Instead of giving U2 $100m

(just found this draft I hadn’t published, interesting that a few of these have now happened anyway)


Things the internet would have preferred Apple do over U2 being given $100m for an album nobody wants.

Would U2 have made $100m from fans buying the album? Unlikely. What else would we the internet have preferred apple have done, or spent that money on..

  • A longer battery iPhone
  • A normal sized iPhone 6
  • Give us iTunes Store credit to spend on bands we like
  • Or even more interesting, give us credit to spend only on new or indy bands, or based on purchase history only bands we’ve never bought before.. or just autofill our iPhones with the same
  • Tell us what we really want to know about the Apple Watch; battery life, charge time, etc
  • Improve working conditions at Foxconn
  • Invest in switching to recycled materials
  • Make the iPhone truly resistant to dropping
  • Not buy Beats, maybe Bose or Seinheiser? Ooh, controversial, I know
  • Invest in alternatives to rare metals in electronics
  • Raise the revenue share for artists
  • Hire some people that understand the internet and set them to work on Mail, Contacts, Calendar, iMessage, Notes, Pages, syncing, location, interoperability, web services.. do I need to go on?
  • Make headphones that don’t leak
  • A retina MacBook Air
  • Hand $100m to [RED]
  • Make protocols for iMessages, FaceTime open

Alternatively, let’s ask U2 to give the money to the Bill and Melinda Gates Foundation.

Now, about the tax they’re not paying…


The rules of science, sounds a bit like agile

In his recent continuation of Carl Sagan‘s Cosmos series, Neil deGrasse Tyson laid out the the rules of science:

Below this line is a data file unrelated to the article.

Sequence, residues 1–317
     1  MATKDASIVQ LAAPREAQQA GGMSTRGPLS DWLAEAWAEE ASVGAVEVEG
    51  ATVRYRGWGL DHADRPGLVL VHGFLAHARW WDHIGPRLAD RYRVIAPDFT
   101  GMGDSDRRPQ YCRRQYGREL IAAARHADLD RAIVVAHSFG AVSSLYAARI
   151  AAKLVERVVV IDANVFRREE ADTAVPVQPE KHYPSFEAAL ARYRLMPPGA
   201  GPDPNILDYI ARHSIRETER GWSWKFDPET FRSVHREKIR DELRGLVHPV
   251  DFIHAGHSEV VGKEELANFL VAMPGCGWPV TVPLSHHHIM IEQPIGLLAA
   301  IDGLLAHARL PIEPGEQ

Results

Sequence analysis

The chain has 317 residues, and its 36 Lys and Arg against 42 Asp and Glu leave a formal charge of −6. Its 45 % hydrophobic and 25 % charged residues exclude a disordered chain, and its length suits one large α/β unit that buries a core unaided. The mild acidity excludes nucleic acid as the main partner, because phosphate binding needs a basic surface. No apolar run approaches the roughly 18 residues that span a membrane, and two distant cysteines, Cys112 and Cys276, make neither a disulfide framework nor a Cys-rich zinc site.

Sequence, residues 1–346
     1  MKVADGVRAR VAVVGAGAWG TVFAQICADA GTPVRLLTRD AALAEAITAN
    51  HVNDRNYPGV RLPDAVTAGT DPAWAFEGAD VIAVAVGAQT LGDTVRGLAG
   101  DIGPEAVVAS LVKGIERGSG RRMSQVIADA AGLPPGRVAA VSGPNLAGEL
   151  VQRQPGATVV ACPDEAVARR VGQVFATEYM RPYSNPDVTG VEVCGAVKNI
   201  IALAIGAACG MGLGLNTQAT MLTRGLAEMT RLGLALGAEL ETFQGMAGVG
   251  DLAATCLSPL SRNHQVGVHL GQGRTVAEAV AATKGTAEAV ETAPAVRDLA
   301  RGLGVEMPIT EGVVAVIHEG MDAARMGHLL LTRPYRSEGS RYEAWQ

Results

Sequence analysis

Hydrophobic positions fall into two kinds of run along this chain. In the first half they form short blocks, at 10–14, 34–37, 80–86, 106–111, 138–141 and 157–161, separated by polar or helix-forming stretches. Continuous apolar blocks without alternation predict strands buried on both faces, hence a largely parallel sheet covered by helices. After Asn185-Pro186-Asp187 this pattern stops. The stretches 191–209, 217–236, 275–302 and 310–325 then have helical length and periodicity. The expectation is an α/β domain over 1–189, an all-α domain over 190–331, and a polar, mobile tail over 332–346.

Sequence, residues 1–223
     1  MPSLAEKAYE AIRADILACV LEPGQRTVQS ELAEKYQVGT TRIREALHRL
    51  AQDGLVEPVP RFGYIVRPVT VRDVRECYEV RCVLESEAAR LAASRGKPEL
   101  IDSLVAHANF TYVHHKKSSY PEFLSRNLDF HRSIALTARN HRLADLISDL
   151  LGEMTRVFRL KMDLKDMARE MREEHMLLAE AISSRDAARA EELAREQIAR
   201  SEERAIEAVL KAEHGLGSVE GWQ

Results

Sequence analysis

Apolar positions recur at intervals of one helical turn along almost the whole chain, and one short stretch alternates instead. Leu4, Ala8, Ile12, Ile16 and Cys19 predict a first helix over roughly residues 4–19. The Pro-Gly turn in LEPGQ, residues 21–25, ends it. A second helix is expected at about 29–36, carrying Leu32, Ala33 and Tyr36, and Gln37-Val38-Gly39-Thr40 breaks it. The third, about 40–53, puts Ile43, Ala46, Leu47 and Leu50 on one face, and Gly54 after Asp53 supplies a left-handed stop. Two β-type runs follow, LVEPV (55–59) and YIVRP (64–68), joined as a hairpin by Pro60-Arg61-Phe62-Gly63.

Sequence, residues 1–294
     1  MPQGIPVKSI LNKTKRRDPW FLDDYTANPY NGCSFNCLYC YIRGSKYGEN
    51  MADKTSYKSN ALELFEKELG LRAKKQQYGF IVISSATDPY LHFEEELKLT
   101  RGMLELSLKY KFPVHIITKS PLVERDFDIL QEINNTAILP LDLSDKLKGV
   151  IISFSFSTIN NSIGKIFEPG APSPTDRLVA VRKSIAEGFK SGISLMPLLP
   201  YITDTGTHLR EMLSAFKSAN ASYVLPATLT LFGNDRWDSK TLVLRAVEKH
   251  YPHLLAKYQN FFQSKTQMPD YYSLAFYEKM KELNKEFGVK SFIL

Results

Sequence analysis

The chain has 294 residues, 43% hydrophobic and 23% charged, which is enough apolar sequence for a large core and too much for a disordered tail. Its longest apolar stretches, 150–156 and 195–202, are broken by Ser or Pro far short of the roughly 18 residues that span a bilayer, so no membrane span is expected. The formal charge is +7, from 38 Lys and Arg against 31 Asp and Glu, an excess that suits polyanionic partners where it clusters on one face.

1. test ideas by experiment and observation
  2. build on those ideas that pass the test, reject the ones that fail
  3. follow the evidence wherever it leads
  4. and question everything

“To make this journey we’ll need imagination, but imagination alone is not enough because the reality of nature is far more wondrous than anything we can imagine. This adventure is made possible by generations of searchers strictly adhering to a simple set of rules. Test ideas by experiment and observation, build on those ideas that pass the test, reject the ones that fail. Follow the evidence wherever it leads and question everything. Accept these terms, and the cosmos is yours.” – Neil deGrasse Tyson

Agile, in simple terms, is about learning fast by having assumptions and testing them, incorporating data and user research into that loop, being adaptable to change, and it being ok to be wrong.


Testing a status update from WordPress via IFTTT to Twitter

Testing a status update from WordPress via IFTTT to Twitter


Sending a status from my phone

Woop woop!


Trying out a status – title

Trying out a status – body


Lean Founder

Semi-autobiographical, in no particular order, being a #LeanFounder:

You don’t need that new laptop, a refurb will do, but your current laptop is fine until it dies.

Plain eggs on toast is cheaper than eggs benedict, and better for your waist.

Walk whenever you can.

Traveling for a meeting? Make the rest of your time there count.

Don’t travel at peak times.

Don’t go to every event, meetup, or conference.

You will be paid the least, and probably last.

Make breakfast at home, include lots of fruit.

Swim, ride a bike, and do Yoga, Pilates, or Taichi.